Posts Tagged ‘college; university’

In Case of Rape, Throw Up??

Wednesday, February 20th, 2013

Has Colorado lost its collective mind? First, Democratic State Representative Joe Salazar warns that women should not carry firearms for personal protection because, wait for it… they might shoot someone. “[I]f you feel like you’re going to be raped, or if you feel like someone’s been following you around or if you feel like you’re in trouble when you may actually not be, then you pop out that gun and… pop a round at somebody.”

He would have us believe that he knows what women are thinking and whether they are really in danger, even if the women themselves don’t. In a life-threatening situation, he wants us to wait for others to come save us, recommending we make use of call-boxes, whistles, and ‘safe zones.’ In other words, “Don’t you worry your pretty little head, missy. You just wait for a big, strong man to come riding in on a white steed and rescue you from another man who wants to bash your face into the sidewalk, rip your clothes off with a blade, torture and maybe kill you. Heh, heh.”

As if that insult to women’s intelligence and judgment wasn’t bad enough, earlier this week, the University of Colorado at Colorado Springs posted a 10-point “safety list” entitled What to Do If You Are Attacked. They refer to these so-called techniques as “crime prevention tips,” but the fact that they are all reactions to being attacked, rather than proactive measures to avoid an attack illustrate their lack of effectiveness in a rape/mugging/domestic violence situation.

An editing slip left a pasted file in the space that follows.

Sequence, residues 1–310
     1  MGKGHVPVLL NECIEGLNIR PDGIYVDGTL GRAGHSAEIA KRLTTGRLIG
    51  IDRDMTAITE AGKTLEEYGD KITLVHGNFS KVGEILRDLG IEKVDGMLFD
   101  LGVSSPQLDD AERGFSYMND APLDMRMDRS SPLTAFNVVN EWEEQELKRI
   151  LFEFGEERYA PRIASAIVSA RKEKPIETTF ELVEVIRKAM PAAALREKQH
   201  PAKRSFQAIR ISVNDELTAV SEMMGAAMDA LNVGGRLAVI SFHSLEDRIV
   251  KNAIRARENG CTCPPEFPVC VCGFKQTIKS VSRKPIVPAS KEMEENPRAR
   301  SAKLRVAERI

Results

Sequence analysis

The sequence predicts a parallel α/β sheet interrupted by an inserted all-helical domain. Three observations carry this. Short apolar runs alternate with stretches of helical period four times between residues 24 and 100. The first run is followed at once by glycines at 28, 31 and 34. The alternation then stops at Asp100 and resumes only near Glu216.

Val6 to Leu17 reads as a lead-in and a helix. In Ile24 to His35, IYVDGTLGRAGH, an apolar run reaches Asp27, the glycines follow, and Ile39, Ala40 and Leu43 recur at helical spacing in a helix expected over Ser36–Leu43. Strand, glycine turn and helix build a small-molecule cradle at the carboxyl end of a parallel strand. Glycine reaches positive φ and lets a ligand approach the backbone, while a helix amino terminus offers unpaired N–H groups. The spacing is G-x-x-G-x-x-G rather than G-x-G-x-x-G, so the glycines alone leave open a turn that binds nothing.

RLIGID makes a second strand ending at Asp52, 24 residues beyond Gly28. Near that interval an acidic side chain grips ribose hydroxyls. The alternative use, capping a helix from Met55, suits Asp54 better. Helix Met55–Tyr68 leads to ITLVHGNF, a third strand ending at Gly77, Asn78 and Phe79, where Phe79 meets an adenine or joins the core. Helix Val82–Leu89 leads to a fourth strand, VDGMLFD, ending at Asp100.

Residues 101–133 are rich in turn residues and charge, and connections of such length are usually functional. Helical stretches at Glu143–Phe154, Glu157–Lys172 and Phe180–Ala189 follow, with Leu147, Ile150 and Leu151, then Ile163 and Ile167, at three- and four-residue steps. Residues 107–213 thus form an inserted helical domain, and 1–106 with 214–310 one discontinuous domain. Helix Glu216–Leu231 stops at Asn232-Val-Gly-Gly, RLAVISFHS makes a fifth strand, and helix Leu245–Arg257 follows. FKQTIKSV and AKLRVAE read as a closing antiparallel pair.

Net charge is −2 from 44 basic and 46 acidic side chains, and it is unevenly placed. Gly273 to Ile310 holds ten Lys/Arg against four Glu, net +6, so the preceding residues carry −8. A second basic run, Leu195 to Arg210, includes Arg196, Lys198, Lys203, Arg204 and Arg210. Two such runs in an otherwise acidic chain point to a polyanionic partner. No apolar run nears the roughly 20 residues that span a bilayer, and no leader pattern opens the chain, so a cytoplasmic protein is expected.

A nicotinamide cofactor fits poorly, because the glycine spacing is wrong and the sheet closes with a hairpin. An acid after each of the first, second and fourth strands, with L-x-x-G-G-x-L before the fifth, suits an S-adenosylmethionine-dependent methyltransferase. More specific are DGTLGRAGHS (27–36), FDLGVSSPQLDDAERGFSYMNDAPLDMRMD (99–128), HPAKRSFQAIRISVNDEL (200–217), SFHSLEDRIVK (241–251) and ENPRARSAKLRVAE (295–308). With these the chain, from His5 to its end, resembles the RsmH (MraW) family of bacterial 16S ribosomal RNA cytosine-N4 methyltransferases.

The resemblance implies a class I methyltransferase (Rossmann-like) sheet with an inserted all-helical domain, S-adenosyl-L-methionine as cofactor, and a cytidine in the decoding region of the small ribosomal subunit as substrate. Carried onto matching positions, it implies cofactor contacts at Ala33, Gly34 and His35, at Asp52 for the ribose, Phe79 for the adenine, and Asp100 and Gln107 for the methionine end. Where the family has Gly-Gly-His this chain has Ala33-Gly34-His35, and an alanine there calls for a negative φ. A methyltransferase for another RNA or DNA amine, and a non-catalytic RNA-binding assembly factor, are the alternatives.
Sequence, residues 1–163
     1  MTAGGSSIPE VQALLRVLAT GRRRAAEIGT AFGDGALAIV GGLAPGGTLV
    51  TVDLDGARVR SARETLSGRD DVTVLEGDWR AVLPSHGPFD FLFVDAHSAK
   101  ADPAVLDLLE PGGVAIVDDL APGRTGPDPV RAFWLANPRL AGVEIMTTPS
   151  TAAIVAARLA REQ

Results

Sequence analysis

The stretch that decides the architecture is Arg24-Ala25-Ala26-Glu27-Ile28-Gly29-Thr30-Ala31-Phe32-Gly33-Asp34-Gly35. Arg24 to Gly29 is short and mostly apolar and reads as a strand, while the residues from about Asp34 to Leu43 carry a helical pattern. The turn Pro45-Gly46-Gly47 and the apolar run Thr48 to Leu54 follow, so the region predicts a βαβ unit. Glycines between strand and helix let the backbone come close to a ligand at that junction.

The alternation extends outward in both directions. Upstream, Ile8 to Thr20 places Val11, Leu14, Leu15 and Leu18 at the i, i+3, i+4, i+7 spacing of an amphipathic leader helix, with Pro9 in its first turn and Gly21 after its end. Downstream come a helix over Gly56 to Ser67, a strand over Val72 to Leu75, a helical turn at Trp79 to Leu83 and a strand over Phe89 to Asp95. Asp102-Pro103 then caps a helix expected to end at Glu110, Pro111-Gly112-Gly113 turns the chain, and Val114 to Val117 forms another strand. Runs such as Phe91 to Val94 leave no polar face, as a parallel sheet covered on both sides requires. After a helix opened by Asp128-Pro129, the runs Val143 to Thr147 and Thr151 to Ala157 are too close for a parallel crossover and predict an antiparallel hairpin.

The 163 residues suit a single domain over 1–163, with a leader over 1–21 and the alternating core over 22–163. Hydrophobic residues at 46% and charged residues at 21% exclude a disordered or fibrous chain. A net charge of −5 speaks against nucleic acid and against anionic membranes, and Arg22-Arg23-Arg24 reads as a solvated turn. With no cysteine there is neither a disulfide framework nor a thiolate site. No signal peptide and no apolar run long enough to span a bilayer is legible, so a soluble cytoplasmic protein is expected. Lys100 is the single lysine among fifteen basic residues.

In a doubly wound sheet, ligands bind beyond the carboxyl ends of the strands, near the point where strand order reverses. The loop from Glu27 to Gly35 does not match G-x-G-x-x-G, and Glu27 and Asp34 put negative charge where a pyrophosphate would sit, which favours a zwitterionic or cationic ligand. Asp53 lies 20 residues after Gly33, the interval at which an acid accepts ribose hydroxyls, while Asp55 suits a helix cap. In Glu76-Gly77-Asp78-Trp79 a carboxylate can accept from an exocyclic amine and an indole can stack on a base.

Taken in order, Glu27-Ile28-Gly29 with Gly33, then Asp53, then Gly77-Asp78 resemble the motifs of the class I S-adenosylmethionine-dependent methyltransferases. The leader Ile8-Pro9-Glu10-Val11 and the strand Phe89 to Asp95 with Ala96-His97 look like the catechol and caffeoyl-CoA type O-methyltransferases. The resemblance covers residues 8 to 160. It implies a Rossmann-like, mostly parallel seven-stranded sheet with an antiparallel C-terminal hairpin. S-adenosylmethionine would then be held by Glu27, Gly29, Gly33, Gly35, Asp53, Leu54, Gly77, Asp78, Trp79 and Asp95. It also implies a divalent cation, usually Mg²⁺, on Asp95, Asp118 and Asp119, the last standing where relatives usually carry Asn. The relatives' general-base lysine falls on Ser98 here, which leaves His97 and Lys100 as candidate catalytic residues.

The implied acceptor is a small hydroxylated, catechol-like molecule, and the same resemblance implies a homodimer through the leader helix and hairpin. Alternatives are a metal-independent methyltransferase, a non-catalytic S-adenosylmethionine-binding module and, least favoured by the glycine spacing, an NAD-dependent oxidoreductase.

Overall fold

Topping the list is “Be realistic about your ability to protect yourself.” This patronizing warning tells women they just aren’t smart enough or strong enough to defend themselves against an aggressive male, hell-bent on harming them. It’s also downright untrue. Hundreds of thousands of women realize that they have more than enough power in their bodies and minds to save themselves in an attack. They understand, first and foremost, that they are not weak, helpless waifs whose lot is to suffer simply because some criminal has chosen to mess with them. They also know that a solid punch, kick, or elbow strike to certain vulnerable targets will put a dent in an assailant’s plans and afford them an opportunity to escape.

Also recommended as “survival techniques” on the University’s list are vomiting and urinating, to convince the attacker to leave the intended victim alone. So, seeing a woman doubled over, hurling in the bushes, he might think… what? “Oh, gee, she’s having a bad enough time already. I’ll go ruin someone else’s life.” Not likely.

Also, I must point out that it is difficult to force oneself to vomit or urinate on demand–especially in a life-and-death situation such as a rape attempt. Not to mention, while one is trying to accomplish these acts, one can neither fight off the attacker nor run to safety.